For the last decade, the increased dominance of the walled gardens, with Google, Meta and Amazon on track to absorb more than 50% of all ad money in 2022, has been a source of contention with many advertisers lamenting the lack of choice afforded to them. While many point to the now ubiquitous technology lumascape (with 7,000+ technology vendors represented), the reality is a contracting marketplace, dominated by just a handful of vendors.
Over recent weeks however, there is mounting evidence to suggest those walls may be slowly coming down, with greater optionality being ushered in through both stealth and design.
The following developments underline why we may about to see the biggest shift in the industry for several years.
Regulators in the US and EU have argued for years that various areas of Google’s business are anticompetitive, as they seek a more ‘open’ ecosystem. With Disney throwing its weight behind The Trade Desk, and Netflix, a new entrant to advertising in general, selecting Microsoft, it’s clear that the advertising technology landscape will look very different in the near future. So what can we expect to happen?
- Diversification of AdTech
Brands longing for greater optionality in the advertising technology solutions may soon get their wish if reports are true that YouTube will be become accessible to other 3rd party technologies. With much of the concentration of the Google stack driven by YouTube, we may well see rival DSPs utilized as alternative options.
Additionally with Disney and Netflix (and possibly Apple!) following suit, brands will have to accept they could require multiple DSPs to access the different inventory sources.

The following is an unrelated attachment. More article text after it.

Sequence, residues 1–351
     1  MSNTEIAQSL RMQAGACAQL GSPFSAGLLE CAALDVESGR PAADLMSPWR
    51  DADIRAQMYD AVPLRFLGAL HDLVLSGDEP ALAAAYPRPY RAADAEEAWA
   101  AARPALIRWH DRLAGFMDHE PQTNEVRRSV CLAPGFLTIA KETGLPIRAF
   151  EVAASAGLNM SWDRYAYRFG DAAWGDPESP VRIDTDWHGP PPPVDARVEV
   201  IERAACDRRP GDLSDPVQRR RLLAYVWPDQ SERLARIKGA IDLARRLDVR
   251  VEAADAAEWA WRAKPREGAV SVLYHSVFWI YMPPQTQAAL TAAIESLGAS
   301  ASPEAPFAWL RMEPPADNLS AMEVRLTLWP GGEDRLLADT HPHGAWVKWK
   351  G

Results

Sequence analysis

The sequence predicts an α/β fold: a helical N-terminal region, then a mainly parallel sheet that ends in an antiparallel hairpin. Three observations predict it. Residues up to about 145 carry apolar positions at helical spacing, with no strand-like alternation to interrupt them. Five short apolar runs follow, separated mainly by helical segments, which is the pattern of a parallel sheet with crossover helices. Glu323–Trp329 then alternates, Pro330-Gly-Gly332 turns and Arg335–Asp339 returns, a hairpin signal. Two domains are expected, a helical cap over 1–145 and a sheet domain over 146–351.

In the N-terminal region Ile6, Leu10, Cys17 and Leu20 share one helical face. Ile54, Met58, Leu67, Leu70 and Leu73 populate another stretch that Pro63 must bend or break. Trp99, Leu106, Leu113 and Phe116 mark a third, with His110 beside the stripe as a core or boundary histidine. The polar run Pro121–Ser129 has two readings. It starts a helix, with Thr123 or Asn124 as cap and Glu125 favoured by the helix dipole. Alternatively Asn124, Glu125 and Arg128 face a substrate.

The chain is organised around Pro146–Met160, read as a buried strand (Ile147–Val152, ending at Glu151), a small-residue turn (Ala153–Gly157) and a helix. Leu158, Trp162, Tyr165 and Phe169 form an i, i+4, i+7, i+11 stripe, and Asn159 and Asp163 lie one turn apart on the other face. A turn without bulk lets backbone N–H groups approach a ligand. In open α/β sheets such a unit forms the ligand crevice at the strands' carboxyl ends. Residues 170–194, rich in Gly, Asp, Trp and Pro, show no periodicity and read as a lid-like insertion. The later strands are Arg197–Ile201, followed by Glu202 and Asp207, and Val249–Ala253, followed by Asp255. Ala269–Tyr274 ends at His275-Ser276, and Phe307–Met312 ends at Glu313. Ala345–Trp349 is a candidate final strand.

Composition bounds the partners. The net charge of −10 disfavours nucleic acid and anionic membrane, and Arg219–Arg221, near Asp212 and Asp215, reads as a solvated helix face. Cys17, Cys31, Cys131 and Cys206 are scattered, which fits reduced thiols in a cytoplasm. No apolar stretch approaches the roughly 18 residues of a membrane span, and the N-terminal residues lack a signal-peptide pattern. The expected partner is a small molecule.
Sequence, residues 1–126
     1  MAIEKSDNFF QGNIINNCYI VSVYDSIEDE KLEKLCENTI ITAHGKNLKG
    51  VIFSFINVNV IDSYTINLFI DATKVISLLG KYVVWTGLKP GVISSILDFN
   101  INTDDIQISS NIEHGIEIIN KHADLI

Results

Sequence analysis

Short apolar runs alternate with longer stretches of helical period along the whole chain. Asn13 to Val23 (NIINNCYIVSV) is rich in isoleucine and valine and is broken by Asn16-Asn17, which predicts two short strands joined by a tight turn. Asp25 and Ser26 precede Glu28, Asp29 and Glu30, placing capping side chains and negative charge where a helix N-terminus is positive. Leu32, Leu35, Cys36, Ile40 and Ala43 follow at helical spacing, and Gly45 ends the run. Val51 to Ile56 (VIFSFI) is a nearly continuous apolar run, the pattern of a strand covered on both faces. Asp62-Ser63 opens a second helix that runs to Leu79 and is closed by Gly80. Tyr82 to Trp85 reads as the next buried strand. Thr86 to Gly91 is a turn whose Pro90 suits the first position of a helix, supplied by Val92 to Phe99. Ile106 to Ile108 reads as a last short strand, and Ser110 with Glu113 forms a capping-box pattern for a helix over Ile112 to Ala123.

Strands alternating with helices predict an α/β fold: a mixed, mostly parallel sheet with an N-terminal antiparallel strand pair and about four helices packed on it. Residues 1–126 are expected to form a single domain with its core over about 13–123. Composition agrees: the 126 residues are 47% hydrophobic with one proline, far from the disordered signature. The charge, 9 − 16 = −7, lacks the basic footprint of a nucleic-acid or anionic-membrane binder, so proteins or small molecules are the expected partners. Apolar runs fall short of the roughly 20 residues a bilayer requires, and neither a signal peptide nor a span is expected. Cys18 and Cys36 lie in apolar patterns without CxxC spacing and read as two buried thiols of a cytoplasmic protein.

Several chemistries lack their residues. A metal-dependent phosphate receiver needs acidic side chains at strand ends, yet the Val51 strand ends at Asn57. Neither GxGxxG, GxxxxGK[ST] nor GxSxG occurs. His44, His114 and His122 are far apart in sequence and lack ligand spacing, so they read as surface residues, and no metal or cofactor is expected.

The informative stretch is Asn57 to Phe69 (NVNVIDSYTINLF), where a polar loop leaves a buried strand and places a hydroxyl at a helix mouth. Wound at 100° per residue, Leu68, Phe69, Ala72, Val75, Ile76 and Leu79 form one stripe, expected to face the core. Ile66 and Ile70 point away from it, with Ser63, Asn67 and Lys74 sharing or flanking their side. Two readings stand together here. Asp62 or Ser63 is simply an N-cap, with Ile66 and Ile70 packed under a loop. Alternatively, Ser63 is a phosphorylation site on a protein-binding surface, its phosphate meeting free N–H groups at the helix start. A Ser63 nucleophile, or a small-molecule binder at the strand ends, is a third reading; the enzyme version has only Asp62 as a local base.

This is likely to be a fluid topic but as plans become confirmed, expect brands to start to review their ad tech strategies to ensure they remains aligned to strategic (interoperability, inventory access), commercial (fees, data, transparency) & operational (workflow, agility, analytics) needs.
- DSP innovation
Greater competition will naturally breed innovation across planning, bid management, optimisation & measurement, helping to unlock for brands improvements to performance and efficiency. Integrated solutions (e.g. Google) will have to continually invest in the development of their platforms to reinforce competitive advantage and differentiation from other 3rd party tools.
- Emergence of specialist DSPs
Like with paid search or social advertising, which saw the emergence of dozens of specialist optimisation tools, we could see emerging a similar set of partners offering specialist functionality across the media platforms (YouTube, Netflix, Disney etc). Brands and their agencies will need to keep a watchful eye on innovations in this area and be open to test and learn as new partners become available.
- Growing complexity & cost
The simplicity of being able to buy media at scale from a single platform cannot be underestimated. It has ushered in opportunities for automation and naturally created huge operational efficiencies for both brands and agencies. A more diverse technology ecosystem on the other hand will bring with it added complexity and cost, to support the additional management burden required to manage and coordinate multiple platforms. In addition, dividing investment across [potentially] multiple platforms will limit the bargaining power, thereby leading to increased technology fees.
This incremental time and cost will need to be contextualised against potential efficiency or effectiveness improvements if a more diverse approach is to be adopted.
- Domino effect?
If Google opens YouTube to third-party tech, regulators and the wider industry might pressure other walled gardens, such as Amazon and Meta, to open their platforms. This could usher in a transformational phase in the industry, with opportunities to disrupt conventional approaches to measurement, audience planning and activation.
If you’d like to discuss any of the topics raised in this article, please speak to: